I was short-sighted—mostly. Over the years, I’ve come to embrace the day. I celebrate Dr. King’s life, turn a shamed and critical eye to my own shortcomings, and recommit myself to doing my part to build a more equitable world. And I applaud as many in our nation pause to consider how much more work must be done.
But then comes Tuesday … and Wednesday ….
Pretty soon, our hearts and minds turn to the weekend ahead, bemoaning the shorter break. The words of Dr. King fade into the hubbub of daily life—or worse, are dismissed, and even decried, by those who still question his work and his dream.
When it comes to racism and inequity, the past few years have been eye-opening for me. With the help of compassionate friends, I’ve worked at removing the blinders that, even now, keep me from recognizing privilege and seeing disparity. I’ve listened to those who face racism daily, both overt and subtle; I’ve come to understand how it puts up barriers and poisons (and often ends) lives.
Shockingly, as I’ve shared this journey with others, I’ve been pushed back. I’ve heard age-old excuses and rationalizations, from “I don’t see color” to “That’s just an isolated incident” to “Hey, I have black friends” to “But what about drugs/gangs/parenting/violence/all lives matter/(fill in the blank)?”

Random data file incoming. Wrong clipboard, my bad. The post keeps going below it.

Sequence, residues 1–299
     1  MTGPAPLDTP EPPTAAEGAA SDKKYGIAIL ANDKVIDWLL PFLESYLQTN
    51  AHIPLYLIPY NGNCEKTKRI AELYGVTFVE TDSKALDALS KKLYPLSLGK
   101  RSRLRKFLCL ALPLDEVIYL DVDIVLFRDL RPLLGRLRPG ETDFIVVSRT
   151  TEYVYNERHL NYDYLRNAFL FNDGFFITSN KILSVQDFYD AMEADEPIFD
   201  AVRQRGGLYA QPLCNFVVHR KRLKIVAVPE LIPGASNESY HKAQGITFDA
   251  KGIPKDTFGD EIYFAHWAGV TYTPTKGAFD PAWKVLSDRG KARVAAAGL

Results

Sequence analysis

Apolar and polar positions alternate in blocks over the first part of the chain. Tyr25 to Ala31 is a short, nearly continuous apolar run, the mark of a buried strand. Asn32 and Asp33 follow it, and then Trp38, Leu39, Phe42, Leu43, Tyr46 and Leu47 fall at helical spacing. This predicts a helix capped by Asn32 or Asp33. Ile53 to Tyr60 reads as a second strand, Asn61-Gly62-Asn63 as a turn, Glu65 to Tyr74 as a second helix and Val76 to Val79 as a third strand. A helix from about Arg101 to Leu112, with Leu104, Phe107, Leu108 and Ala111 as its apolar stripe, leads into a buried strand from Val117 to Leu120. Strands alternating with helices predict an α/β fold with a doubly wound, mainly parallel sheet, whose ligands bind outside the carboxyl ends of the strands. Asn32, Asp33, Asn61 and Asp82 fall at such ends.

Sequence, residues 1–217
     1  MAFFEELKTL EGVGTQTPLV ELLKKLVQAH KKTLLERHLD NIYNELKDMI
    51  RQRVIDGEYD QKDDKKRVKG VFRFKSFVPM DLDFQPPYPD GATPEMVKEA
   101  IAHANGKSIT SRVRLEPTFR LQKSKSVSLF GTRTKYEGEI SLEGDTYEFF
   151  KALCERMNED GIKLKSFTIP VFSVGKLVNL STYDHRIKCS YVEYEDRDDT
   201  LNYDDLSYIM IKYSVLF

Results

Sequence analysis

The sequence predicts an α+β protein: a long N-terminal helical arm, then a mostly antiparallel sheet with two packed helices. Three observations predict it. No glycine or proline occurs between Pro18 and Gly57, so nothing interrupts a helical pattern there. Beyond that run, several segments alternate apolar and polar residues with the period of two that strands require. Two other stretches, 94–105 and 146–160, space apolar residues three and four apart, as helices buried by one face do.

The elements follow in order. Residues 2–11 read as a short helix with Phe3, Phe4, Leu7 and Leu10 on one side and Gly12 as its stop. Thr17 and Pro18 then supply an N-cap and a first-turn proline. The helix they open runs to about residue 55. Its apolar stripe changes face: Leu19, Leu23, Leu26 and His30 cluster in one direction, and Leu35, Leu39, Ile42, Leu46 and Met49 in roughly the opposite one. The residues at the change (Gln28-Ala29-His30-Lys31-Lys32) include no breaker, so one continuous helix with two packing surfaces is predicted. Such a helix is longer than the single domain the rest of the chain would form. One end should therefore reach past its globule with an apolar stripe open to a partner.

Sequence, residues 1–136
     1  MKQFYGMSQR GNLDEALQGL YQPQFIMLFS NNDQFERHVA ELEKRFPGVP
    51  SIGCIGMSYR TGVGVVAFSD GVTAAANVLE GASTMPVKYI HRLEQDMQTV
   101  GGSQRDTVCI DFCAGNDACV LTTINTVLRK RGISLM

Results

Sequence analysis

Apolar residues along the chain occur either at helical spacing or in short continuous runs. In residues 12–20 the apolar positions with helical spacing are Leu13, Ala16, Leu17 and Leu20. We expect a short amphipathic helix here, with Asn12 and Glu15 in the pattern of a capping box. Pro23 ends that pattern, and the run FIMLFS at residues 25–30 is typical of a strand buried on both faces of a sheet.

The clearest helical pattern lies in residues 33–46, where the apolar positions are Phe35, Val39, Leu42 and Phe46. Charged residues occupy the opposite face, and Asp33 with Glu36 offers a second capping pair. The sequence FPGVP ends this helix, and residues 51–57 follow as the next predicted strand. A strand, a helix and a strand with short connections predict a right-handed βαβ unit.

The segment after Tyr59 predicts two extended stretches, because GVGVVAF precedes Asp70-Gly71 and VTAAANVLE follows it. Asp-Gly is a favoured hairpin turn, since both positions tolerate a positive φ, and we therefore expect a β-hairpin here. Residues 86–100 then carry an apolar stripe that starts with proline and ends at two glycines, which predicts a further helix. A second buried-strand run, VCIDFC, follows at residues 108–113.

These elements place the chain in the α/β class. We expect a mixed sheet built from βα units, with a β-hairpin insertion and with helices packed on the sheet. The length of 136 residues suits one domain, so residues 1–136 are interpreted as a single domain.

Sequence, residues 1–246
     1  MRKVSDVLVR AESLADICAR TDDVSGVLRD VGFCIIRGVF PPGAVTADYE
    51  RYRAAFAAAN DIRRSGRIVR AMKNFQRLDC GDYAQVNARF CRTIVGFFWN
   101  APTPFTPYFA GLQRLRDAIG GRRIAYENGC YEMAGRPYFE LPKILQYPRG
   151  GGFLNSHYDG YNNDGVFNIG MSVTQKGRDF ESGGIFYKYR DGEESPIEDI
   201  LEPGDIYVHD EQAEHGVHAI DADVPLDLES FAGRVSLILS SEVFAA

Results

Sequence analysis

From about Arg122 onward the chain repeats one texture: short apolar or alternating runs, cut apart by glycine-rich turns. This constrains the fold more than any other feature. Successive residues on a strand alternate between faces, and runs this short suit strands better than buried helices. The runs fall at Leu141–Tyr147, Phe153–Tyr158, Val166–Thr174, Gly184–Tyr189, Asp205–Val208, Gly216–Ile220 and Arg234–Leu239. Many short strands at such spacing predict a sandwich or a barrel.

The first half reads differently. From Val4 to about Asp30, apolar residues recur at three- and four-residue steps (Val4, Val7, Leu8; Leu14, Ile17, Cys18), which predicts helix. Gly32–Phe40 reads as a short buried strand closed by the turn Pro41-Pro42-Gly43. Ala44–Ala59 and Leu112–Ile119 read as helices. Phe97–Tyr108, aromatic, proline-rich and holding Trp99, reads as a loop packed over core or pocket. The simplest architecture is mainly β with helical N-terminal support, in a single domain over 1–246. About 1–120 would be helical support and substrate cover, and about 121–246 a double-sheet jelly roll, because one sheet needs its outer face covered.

And then comes Tuesday … and Wednesday ….
That’s the challenge. That’s where the concern I had back in ’83 is realized. For many, our national commitment to equity and racial healing boils down to a single day. We post an MLK meme, we pay our annual penance, and then we move on.
That’s not the formula for meaningful change. That’s not the call to action that Dr. King set before us. His call is a daily commitment to not ignore the angry voices stirring the darkness of what was, to not surrender to the inadequacy of what is, but to strive with all our hearts for the hope of what must be.
With that commitment, let Tuesday come. Bid Wednesday dawn. Welcome Thursday and Friday and every day that we work together, that we move forward united, every race and creed, ever closer to the mountaintop.